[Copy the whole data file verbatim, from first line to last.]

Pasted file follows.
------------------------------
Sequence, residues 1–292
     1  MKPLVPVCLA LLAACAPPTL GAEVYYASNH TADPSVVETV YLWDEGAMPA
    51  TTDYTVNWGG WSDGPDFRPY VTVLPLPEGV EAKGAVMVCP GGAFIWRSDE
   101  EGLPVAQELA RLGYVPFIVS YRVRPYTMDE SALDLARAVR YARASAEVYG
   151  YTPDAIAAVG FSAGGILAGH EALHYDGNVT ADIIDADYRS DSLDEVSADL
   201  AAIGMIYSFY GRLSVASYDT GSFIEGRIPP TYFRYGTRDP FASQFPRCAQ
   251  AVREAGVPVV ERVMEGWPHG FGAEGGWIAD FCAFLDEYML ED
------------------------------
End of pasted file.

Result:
Sequence, residues 1–292
     1  MKPLVPVCLA LLAACAPPTL GAEVYYASNH TADPSVVETV YLWDEGAMPA
    51  TTDYTVNWGG WSDGPDFRPY VTVLPLPEGV EAKGAVMVCP GGAFIWRSDE
   101  EGLPVAQELA RLGYVPFIVS YRVRPYTMDE SALDLARAVR YARASAEVYG
   151  YTPDAIAAVG FSAGGILAGH EALHYDGNVT ADIIDADYRS DSLDEVSADL
   201  AAIGMIYSFY GRLSVASYDT GSFIEGRIPP TYFRYGTRDP FASQFPRCAQ
   251  AVREAGVPVV ERVMEGWPHG FGAEGGWIAD FCAFLDEYML ED